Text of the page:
Cardinals 'Super Suppressors' of West Nile Virus
New research reveals that the striking red birds may be helping keep the disease at a greater distance from humans by attracting more mosquitoes than 'super-spreader' robins.
Authors of a new study took a closer look at a puzzling circumstance in Georgia: low rates of human infection with the West Nile virus (WNV), even as about a third of Atlanta's birds carry the disease.
The same situation -- many infected birds, not so many infected people -- applied to the broader American southeast, a team of researchers from Emory University, Texas A&M, the University of Georgia and Georgia's department of transportation noted.
Indeed, they said, Georgia's WNV infection rate, over the last 15 years, was only about 3 people per 100,000.
To try to shed light on the discrepancy, the scientists spent three years testing birds and mosquitoes for WNV in Atlanta, analyzing the blood of the insects to determine on which birds they had fed.
The scientists were keeping a sharp eye for the number of American robin infections. They consider that species a "super spreader" of WNV, for its capacity to store enough of the virus in its blood to pass along to other mosquitoes.
While robins were certainly carriers, the researchers found a twist in the tale, one concerning a favorite of backyard birders everywhere: the cardinal.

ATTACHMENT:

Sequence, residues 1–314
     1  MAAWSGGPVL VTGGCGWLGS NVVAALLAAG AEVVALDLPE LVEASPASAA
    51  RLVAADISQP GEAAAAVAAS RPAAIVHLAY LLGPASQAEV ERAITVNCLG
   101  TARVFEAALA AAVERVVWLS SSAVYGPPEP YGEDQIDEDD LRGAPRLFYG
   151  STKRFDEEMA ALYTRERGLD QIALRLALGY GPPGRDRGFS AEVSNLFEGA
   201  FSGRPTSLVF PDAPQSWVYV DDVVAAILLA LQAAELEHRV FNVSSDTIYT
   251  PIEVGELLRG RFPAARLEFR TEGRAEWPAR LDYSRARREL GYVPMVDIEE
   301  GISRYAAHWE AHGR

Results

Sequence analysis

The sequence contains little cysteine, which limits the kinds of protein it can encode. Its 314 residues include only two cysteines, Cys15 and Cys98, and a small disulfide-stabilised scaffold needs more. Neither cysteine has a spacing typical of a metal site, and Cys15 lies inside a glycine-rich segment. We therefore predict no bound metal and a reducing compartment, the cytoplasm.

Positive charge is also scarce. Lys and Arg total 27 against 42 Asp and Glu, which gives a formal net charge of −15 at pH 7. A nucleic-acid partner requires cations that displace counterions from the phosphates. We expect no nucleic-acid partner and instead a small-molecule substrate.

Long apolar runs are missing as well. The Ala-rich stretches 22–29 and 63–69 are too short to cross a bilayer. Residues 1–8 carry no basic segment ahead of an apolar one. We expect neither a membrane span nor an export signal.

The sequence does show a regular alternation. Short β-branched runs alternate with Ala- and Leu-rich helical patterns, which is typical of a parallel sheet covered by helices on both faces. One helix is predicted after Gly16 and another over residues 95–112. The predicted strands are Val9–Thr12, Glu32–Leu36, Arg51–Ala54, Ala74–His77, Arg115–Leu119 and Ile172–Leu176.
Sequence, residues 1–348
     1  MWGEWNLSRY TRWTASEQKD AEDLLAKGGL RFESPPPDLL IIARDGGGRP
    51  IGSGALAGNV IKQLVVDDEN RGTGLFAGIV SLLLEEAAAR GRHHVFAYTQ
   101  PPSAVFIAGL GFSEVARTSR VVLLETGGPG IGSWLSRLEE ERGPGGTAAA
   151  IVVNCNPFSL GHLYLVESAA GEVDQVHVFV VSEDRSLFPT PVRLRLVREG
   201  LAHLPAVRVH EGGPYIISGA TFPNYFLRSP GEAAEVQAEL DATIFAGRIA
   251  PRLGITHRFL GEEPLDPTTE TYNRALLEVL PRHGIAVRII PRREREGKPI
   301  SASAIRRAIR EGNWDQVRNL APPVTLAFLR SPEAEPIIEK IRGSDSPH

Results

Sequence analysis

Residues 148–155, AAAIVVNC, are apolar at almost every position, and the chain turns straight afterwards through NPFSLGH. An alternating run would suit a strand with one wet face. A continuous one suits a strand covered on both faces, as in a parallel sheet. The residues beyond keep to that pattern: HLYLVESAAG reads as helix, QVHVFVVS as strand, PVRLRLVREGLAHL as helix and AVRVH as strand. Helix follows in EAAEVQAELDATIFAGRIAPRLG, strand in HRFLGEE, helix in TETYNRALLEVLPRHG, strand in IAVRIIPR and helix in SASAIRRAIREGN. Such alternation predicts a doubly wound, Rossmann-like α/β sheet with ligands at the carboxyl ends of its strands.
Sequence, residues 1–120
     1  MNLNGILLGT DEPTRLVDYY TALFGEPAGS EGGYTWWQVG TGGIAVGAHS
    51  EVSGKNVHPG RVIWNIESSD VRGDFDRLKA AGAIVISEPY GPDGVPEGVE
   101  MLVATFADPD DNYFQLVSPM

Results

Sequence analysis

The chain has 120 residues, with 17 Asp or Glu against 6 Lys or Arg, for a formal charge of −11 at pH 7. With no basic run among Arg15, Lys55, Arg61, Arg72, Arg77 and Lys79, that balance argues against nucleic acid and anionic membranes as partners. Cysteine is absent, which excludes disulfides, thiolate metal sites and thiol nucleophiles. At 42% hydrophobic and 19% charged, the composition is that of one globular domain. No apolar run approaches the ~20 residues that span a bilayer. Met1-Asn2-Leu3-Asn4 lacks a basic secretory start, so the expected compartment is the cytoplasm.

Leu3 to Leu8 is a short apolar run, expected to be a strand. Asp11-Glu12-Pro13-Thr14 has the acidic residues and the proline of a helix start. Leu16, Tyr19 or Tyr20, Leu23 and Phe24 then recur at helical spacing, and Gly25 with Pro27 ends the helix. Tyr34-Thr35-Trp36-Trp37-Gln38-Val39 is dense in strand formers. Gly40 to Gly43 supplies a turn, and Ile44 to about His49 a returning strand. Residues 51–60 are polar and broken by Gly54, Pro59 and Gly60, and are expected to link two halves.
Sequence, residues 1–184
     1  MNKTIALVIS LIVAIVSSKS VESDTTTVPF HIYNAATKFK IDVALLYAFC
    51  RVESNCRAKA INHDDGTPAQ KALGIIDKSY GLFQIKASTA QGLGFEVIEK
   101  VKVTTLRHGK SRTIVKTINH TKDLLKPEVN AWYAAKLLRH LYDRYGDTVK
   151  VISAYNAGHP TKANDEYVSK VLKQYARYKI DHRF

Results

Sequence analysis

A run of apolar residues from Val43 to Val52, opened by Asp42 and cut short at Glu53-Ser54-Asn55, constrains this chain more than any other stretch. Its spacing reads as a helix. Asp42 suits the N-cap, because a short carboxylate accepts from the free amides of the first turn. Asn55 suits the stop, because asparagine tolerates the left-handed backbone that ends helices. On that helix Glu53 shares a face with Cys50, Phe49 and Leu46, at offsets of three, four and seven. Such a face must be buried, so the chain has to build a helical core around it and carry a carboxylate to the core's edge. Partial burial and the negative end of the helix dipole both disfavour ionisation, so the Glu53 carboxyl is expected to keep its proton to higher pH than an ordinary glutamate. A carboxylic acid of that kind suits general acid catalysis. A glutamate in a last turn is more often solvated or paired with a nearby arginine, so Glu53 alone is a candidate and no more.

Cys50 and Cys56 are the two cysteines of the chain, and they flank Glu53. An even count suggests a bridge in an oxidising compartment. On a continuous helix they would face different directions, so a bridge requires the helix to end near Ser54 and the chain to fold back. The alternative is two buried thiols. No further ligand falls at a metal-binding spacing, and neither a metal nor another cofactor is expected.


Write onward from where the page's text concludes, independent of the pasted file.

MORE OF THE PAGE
"What we found is that, for some unknown reason, around the middle of July, mosquitoes in Atlanta seem to decide that they have had their fill of robins and they switch to feeding on cardinals," said the study's lead author, Rebecca Levine, in a statement.
"But cardinals, even though they can be infected with West Nile virus, are much less likely to have enough virus circulating in their blood to transmit the disease back to feeding mosquitoes," said Levine, now with the U.S. Centers for Disease Control and Prevention but at Emory University during the research. "That is why we called them 'super suppressors'."
Levine and her colleagues aren't sure yet why this sudden dietary change occurs in the insects, a shift that seems to be helping Atlanta's citizens.
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Humans become infected with WNV through mosquito bites, which the insects pick up when they bite infected birds. According to the World Health Organization most infected humans don't even show symptoms, but in rare cases the virus can be fatal.
Many things could determine how WNV is passed between birds and mosquitoes, and whether that puts humans at greater or lesser risk, the researchers said.
Changes in how the birds roost, or defensive behaviors are potential factors, they said.
The team did see fewer instances of WNV in bird populations from old-growth forest areas, suggesting that the type of forest cover may be a factor that impacted transmission rates.
"We might find that keeping old-growth forests intact, even in urban areas, can provide more than just an interesting piece of history," Levine said.
Other parts of the country, such as the urban northeast and midwest seem to have the situation flipped. In Chicago, the researchers said, there are six time as many human WNV infections as in Atlanta, but from just 20 percent of infected birds.
But, her team's findings don't suggest cardinals are a magic red bullet against WNV, Levine said. The birds might not have the same roles elsewhere, depending on the local ecosystems in which they live.
Findings from the study have just been published in the American Journal of Tropical Medicine and Hygiene.